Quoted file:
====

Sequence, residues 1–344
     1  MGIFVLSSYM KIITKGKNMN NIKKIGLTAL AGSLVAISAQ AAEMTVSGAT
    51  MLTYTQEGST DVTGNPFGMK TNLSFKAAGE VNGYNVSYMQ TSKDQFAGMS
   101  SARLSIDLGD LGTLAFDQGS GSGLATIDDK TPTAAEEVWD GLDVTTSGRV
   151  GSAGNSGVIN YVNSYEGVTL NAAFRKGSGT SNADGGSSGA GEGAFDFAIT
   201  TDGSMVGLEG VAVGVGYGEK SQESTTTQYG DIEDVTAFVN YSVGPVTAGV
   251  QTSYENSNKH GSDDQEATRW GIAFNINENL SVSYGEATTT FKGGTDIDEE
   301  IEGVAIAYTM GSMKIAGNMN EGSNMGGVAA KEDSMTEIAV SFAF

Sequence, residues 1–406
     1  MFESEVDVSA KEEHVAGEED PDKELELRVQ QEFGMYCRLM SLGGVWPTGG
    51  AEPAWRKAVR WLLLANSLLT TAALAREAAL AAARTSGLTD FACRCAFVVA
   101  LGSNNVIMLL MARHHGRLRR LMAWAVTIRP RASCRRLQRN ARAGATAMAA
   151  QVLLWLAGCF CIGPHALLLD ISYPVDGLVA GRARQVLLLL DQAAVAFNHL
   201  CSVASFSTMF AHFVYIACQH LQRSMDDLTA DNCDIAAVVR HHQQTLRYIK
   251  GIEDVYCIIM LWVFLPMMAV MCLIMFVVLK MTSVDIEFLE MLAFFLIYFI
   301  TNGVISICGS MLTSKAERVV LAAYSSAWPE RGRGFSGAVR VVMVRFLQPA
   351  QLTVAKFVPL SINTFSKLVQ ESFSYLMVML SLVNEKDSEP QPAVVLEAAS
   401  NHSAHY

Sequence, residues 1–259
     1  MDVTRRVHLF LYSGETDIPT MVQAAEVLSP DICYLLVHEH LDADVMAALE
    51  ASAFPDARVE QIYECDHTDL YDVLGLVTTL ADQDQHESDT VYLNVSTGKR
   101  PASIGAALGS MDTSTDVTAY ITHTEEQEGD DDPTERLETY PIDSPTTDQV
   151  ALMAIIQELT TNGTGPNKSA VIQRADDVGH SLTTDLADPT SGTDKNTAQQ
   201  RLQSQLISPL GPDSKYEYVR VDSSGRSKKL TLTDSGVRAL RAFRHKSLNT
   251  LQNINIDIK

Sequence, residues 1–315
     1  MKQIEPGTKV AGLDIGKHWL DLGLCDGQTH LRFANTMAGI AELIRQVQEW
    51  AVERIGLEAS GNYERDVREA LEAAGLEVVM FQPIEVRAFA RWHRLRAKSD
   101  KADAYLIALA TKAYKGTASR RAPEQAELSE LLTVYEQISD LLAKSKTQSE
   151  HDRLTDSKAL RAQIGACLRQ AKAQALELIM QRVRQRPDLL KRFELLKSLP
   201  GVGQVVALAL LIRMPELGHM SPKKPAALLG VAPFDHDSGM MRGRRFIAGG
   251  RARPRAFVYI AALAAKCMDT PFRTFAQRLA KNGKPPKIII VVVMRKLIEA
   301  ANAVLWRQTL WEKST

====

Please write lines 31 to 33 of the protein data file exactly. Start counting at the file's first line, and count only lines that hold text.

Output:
   201  GVGQVVALAL LIRMPELGHM SPKKPAALLG VAPFDHDSGM MRGRRFIAGG
   251  RARPRAFVYI AALAAKCMDT PFRTFAQRLA KNGKPPKIII VVVMRKLIEA
   301  ANAVLWRQTL WEKST